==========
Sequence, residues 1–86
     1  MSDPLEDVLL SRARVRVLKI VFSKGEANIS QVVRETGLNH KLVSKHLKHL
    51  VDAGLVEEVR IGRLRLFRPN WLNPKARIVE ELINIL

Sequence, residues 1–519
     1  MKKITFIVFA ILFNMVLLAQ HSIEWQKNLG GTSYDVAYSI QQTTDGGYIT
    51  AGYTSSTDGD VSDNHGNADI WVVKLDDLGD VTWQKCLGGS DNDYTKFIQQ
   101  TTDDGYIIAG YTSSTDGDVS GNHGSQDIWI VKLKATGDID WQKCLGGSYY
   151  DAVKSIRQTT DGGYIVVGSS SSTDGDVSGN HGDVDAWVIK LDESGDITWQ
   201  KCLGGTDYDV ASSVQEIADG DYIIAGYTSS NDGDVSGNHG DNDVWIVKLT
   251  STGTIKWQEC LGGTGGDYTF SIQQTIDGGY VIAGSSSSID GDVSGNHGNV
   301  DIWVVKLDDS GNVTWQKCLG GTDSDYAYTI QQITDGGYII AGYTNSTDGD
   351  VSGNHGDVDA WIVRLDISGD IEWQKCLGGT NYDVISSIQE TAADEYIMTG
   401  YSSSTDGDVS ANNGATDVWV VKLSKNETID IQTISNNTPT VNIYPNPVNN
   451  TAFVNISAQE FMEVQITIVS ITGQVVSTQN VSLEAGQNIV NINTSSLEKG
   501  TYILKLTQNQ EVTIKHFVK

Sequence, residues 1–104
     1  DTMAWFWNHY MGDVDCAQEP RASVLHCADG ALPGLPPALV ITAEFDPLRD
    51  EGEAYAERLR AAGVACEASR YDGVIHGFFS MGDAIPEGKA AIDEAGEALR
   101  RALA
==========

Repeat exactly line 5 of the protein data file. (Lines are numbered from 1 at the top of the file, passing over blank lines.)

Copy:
     1  MKKITFIVFA ILFNMVLLAQ HSIEWQKNLG GTSYDVAYSI QQTTDGGYIT